I think I have been asked that exact question, word for word, over 50 times in my career. Variations of it, hundreds of times.
It was a question that a VP of Distribution asked me in an early job interview. I gave him the same answer as I give whenever I am asked this question.
“How should I know if this is even the right space for your operations? What are you going to process in the distribution center (DC)? How much inventory? How many SKUs? Are you doing same day as ordered or next day? I don’t even know the customer order profiles. I would not dream of suggesting a layout until I know your business and your desired outcomes.”
A poor DC design can cripple a logistics operation. A poor design creates hours of overtime. A poor design creates bottlenecks that delay receiving, stowage, picking and shipping. Poor designs lead to inventory inaccuracy, loss, waste and damage. In the long run, a poor facility design can become a 50% drain on profitability, driving costs so high that the company can’t afford to grow. I have seen poor designs crush growing companies.
Most poor warehouse and DC designs started from a lack of good planning. When the company first started, it leased, or bought a building, and then called the local pallet rack dealer to sell them the racks. The dealer did the layouts at “no charge” and sold the company the racks. The layout worked while the business grew, until it didn’t work anymore. The layout failures did not appear instantly, but in slow, glacier-like speed as bottlenecks appeared, stock sat in the aisles, and unloads and loads took more time and overtime hours. As sales grew, the cost of operations grew faster.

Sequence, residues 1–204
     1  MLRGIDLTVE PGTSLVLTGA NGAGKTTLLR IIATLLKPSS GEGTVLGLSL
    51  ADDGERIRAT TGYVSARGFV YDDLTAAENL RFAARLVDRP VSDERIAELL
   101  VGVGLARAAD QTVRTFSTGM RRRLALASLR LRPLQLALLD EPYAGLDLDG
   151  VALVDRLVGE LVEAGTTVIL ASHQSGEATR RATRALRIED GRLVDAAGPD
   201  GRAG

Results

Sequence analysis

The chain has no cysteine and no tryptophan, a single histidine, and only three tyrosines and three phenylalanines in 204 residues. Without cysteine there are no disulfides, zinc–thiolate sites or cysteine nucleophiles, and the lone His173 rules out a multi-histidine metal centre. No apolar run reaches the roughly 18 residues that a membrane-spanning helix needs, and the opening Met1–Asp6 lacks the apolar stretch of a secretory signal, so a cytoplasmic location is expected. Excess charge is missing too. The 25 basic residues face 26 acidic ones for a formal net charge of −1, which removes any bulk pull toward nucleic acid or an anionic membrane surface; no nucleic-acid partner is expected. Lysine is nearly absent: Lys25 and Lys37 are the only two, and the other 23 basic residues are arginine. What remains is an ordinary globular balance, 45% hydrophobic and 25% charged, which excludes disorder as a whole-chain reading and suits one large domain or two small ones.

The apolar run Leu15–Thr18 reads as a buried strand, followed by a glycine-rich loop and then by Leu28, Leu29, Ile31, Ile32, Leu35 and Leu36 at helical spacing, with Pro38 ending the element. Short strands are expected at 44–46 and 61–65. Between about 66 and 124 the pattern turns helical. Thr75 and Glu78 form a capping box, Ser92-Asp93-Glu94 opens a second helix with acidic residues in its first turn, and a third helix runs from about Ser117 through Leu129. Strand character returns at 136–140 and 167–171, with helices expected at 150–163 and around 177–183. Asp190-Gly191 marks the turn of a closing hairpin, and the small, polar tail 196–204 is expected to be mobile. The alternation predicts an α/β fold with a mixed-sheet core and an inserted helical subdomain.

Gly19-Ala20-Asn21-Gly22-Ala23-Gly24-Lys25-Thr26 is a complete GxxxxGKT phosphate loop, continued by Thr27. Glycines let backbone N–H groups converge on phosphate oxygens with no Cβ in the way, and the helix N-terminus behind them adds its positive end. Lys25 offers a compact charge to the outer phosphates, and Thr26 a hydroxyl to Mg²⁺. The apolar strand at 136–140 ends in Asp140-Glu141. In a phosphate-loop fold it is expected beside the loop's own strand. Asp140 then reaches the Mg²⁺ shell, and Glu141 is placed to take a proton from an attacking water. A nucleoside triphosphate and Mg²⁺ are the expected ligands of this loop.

The example I share above is not rare. About half of the facilities I walk through each year suffer from the “free layout” of the rack dealer. The problems manifest as the business grows to the point that the cure, a new layout, becomes a frightening idea as the company grapples with how to do it and stay in business. Retrofitting an existing warehouse is like changing the tires on a car while it is on the road. Faced with that reality, most businesses, if they can afford it, wait until they move to do a new warehouse layout.
Do they learn from their first experience? Most do not, as they again turn to the rack dealer to do their new layout.
Pallet rack dealers, including many fork lift companies, sell rack. They perform layout services as a necessary function of selling the racks. The dealers know the basics of what they sell, the space needed for the forklift to operate in the aisles, the beams needed to support the load. They may even know how to get the highest yield in storage capacity in a space. But they don’t know warehouse operations because they don’t operate warehouses. They sell racks.
“How many pallets do you want to store?” is the first, and sometimes only question that a rack dealer asks. Seldom do they ask questions like:
A good material handling engineer asks these and hundreds of other questions to determine the right layout of the correct storage and picking fixtures to fit the needs of the operation. With an intense focus on the desired outcome, the engineer develops a layout that fits the needs of the business.